Packing Lists: Alpine Style Car Camping

Its springtime, and with spring comes the road trips - places near and far, for a day, a night, or a week. The longer I'm gone the more elaborate my car camping gets - the shorter the simpler, especially for overnights, when I've been known simply to throw in a sleeping bag and called it good.

Somewhere along the way in our culture/community/sport/lifestyle/whatever, car camping became complicated. REI is probably complicit in this - just take a walk through and look at all the modern conveniences of the modern world re-built for the camping life.

Yes, car camping can be luxurious. But I live in a city, without off street parking, so packing means filling up a collection of plastic bins and duffels. If I'm lucky I found a parking spot on the block in front of my house and I can simply move the bins/duffels to the door, and then out the door to the car. If I'm unlucky the car is parked all the way around the block on the other side. And then I get to repeat the process when I come home, usually to the excited barking of two 50 lbs dogs who want me to wrestle while simultaneously unpacking.

Its a pain in the arse. So instead I go without - I sit on a foam pad or stand instead of a chair. I get cold deli food from my local grocery instead of cooking. My stove is primarily to boil water for hit drinks.
So here, then, is my alpine style car camping list. I use it for a night out or a weekend.

Kitchen:

  • Car coffee mug
  • Spoon
  • Fozzil Bowl
  • MSR Reactor Stove with a handful of half-used canisters
  • Via instant coffee or French Press with ground coffee. This really depends on the trip - if its a single overnight and alpine start, I'll go with the Starbucks. If its a longer, or more leisurely, trip then I'll use the real stuff.
  • Tea/Apple Cider for dinner
  • Pastries for breakfast
  • Fruits and bars for lunch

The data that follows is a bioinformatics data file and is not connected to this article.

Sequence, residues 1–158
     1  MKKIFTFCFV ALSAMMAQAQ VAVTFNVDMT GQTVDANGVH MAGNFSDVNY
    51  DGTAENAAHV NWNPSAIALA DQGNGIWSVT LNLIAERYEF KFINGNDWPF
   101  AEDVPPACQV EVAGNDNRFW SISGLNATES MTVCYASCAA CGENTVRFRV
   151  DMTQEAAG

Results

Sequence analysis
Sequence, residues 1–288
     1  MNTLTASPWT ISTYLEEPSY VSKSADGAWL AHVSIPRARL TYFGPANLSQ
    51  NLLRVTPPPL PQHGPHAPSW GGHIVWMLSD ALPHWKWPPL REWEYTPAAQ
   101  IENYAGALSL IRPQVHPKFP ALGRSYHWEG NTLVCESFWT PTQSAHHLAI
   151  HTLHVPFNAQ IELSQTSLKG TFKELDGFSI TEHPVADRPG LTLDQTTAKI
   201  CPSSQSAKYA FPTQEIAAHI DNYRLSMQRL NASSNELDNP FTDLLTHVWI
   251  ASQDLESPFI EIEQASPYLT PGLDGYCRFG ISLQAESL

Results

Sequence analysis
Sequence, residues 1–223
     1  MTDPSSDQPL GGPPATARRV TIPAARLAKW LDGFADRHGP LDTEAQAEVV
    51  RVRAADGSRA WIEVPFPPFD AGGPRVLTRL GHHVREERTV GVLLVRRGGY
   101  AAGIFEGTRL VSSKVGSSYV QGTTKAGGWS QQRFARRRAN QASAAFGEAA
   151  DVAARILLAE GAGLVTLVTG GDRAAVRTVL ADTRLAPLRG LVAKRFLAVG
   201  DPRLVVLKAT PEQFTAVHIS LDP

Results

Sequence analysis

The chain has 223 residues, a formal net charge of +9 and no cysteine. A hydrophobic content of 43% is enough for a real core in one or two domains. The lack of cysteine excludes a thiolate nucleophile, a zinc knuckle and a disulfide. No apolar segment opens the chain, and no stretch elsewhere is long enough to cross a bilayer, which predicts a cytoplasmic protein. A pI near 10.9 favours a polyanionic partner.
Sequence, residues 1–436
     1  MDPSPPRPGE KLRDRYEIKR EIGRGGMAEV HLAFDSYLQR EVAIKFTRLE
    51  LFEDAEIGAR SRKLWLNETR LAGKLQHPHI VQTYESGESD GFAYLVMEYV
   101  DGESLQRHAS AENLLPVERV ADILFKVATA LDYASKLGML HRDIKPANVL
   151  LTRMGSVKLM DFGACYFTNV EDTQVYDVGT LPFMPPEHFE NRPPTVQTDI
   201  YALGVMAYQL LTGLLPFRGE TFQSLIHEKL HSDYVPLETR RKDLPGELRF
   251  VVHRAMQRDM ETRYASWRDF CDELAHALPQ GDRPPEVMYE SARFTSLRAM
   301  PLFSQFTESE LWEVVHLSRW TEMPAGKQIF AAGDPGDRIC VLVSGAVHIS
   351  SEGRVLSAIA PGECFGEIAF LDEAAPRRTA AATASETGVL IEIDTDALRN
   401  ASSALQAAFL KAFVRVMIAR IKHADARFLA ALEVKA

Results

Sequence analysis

• Deli sandwiches for dinner
  • Chips and salsa for appetizers
  • Adult beverage(s) of choice - I prefer something stronger than beer because it doesn't need to be refrigerated.
Sleeping:
  • Tarp or tent. I actually prefer sleeping under a tarp - but if the fly's are bad a tent is a must.
  • Air mattress and a foam pad. My concession to comfort - and the foam pad doubles as a seat. Be warned: an air mattress and dogs do not mix well together, no matter how well behaved or intentioned the dogs are. A crash pad can be substituted if its coming along already.
  • Sleeping bag - duh! I prefer a 20 degree synthetic that I got years ago. I don't have to worry about holes, or stains, or spilled coffee.
So my Kitchen stuff (minus the coffee mug that already lives in my car), gets thrown in a bin. My tent, unstuffed sleeping bag (its going in a duffel, why bother?), pads and extra clothes get thrown in a duffel. My climbing or ski gear get thrown in a separate pack, and that's it. A weekend in three containers, I can be packed up in less than 30 minutes and a quick trip to the grocery.

One day, I'll reclaim my road trip mini-van and eliminate a lot of the packing list. Who wouldn't like a car pre-packed with the kitchen and bedroom already set up? Meanwhile, I know it can be fun to bring along the expedition dome tent, camp chairs, the big coleman stove, and an entire cooler of food.

But more often, I like this method instead:  grab your s#!^ and get going.

photo from the Model T Ford Forum, www.mtfca.com